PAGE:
Scientists have brought back to life the microbes found in the 100 millionth sediment from deep under the ocean floor. The experiment sheds new light on where life can be found on Earth – and how sustainable it can be.
According to a new study published in the journal Nature Communications, microbes found buried under the seabed persist for up to 101.5 million years. Sediments do not have the energy needed for cells to support themselves, but scientists have been able to revitalize communities.
The secret is how microbes could survive in the harsh conditions of their environment – and it is unclear how long they can live. Researchers have said that they may be the oldest known organisms on the planet.
Scientists at the Japan Agency for Marine and Terrestrial Science and Technology analyzed sediment samples found from about 12,140 to 18,700 feet below the ocean surface in the South Pacific Mountains, a system of rotating currents located in the Pacific Ocean. In the center of the South Pacific Gire is the “ocean of inaccessibility” – the area on Earth, the furthest from all lands – the part with the lowest productivity of the entire ocean.
There is little food in the area, but it contains a lot of oxygen deep underwater. Layers of sediment collected during the 2010 expedition were deposited between 13 and 101.5 million years ago.
Within the sediment, scientists have discovered marine microbes: tiny single-celled microorganisms that make up the vast majority of the total mass of living things in the ocean. Captured by layers of sediment, they could barely move or eat.
The researchers wanted to know if life could exist in such a poor environment.
Returning to the laboratory, the researchers were able to remove germs from their prolonged drowsiness. They gave the old samples carbon and nitrogen substrates to test if they were a power cord and divided into more cells.
Within 68 days, the vast majority of the nearly 7,000 cells responded quickly to the new conditions, multiplying by four orders of magnitude, even in the oldest samples. The researchers said that the experiment was dominated by aerobic bacteria.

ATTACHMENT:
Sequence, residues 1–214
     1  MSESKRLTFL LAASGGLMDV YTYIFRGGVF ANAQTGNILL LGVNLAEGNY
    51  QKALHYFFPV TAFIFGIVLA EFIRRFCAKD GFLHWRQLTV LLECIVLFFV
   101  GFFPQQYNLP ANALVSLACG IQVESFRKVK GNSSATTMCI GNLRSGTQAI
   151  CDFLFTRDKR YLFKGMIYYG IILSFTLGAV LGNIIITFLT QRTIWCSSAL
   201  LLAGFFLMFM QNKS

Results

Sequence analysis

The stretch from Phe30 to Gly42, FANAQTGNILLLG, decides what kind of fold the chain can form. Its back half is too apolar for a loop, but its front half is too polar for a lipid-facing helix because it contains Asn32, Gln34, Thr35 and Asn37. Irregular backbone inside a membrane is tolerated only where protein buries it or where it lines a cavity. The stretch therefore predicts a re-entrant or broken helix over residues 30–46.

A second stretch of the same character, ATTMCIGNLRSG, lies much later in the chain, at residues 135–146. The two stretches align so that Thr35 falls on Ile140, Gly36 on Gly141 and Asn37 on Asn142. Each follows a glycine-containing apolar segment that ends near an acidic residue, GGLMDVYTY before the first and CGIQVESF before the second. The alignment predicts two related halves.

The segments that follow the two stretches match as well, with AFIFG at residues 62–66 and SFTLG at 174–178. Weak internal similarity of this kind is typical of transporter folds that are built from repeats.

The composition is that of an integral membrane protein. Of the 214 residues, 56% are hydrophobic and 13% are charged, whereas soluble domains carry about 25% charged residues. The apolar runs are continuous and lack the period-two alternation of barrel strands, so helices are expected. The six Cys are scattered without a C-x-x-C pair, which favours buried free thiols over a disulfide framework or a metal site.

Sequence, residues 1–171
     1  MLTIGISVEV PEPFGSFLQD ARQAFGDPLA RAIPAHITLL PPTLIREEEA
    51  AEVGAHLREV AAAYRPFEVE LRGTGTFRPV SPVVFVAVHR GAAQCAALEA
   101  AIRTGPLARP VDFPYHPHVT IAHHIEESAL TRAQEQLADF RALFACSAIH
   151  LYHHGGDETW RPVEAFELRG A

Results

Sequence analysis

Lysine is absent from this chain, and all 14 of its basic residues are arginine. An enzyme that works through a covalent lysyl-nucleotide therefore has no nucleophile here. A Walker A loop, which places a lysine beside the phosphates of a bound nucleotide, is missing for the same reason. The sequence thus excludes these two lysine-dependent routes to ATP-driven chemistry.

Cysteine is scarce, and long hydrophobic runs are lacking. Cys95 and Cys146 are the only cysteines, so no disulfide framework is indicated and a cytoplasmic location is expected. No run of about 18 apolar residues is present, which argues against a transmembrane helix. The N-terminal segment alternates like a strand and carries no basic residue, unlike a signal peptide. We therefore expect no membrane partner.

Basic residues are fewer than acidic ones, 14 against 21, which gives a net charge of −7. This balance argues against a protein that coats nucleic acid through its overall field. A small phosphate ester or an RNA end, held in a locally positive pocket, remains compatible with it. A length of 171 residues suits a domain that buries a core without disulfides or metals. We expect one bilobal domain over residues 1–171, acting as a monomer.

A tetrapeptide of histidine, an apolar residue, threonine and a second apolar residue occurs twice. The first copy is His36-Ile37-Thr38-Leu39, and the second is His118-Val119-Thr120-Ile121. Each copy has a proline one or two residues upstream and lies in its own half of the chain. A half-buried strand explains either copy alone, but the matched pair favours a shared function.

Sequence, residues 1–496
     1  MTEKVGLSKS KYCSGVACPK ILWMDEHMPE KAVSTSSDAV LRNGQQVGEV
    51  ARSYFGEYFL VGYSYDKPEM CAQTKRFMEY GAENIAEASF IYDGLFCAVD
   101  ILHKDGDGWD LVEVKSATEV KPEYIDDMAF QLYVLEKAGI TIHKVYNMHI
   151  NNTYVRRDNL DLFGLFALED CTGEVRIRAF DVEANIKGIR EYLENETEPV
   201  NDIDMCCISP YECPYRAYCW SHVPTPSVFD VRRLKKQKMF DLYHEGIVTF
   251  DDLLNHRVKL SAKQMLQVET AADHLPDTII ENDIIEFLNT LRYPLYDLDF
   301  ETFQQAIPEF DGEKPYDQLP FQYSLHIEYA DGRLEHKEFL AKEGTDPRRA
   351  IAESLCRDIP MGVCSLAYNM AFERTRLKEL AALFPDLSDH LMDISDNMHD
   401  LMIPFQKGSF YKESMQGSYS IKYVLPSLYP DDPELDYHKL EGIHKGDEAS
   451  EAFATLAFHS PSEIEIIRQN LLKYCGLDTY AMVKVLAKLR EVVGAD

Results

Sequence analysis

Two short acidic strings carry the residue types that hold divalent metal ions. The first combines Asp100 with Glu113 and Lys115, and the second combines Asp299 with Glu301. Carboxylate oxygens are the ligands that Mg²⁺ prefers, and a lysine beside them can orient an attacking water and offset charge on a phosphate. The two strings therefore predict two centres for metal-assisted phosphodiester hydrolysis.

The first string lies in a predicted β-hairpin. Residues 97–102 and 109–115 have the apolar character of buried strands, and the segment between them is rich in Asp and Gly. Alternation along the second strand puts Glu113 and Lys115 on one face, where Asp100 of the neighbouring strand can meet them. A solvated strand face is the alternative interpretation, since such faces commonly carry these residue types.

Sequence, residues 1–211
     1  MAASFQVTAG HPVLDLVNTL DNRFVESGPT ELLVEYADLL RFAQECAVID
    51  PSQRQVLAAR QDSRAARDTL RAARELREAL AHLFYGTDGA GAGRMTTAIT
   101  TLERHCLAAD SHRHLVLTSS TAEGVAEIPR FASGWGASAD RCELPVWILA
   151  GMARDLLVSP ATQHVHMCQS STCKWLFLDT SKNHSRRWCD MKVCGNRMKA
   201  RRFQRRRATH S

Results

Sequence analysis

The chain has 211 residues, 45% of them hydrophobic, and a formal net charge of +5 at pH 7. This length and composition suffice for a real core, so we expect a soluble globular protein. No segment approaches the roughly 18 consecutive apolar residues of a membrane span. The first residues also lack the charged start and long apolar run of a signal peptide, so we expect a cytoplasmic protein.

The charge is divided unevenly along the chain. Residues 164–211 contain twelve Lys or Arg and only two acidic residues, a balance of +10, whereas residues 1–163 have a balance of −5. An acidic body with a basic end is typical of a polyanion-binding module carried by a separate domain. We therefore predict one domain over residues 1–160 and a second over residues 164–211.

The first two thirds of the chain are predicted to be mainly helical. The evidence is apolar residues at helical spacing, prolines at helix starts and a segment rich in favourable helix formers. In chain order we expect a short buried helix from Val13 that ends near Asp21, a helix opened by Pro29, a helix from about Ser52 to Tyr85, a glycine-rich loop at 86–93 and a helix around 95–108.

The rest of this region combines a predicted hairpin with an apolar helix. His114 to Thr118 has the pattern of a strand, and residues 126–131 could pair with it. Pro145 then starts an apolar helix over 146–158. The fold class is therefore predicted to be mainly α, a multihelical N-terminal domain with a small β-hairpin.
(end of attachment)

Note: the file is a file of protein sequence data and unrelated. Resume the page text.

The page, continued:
“We’ve found that life runs far from the seabed to the lower rocky basement,” University of Rhode Island oceanographer and study co-author Stephen D’Hondt said in a news release. “These organisms not only live in the deepest, most ancient sediment, but they are able to grow and divide.”
“Surprisingly and biologically difficult, a large proportion of microbes could be revived in a very long time of burial or capture in extremely low nutrient / energy conditions,” lead author Yuki Morono told Reuters.
Research shows that microbes could survive for previously incomparable long periods of time if sediment accumulates at a very slow rate, capturing oxygen over time.
Through further experiments, researchers now hope to determine how microbes could survive for millions of years.
“The most exciting part of this study is that it basically shows that life in the old sediment of the Earth’s ocean has no boundaries,” D’Hondt told Reuters. “Maintaining full physiological capacity for 100 million years in starvation isolation is an impressive feat.”
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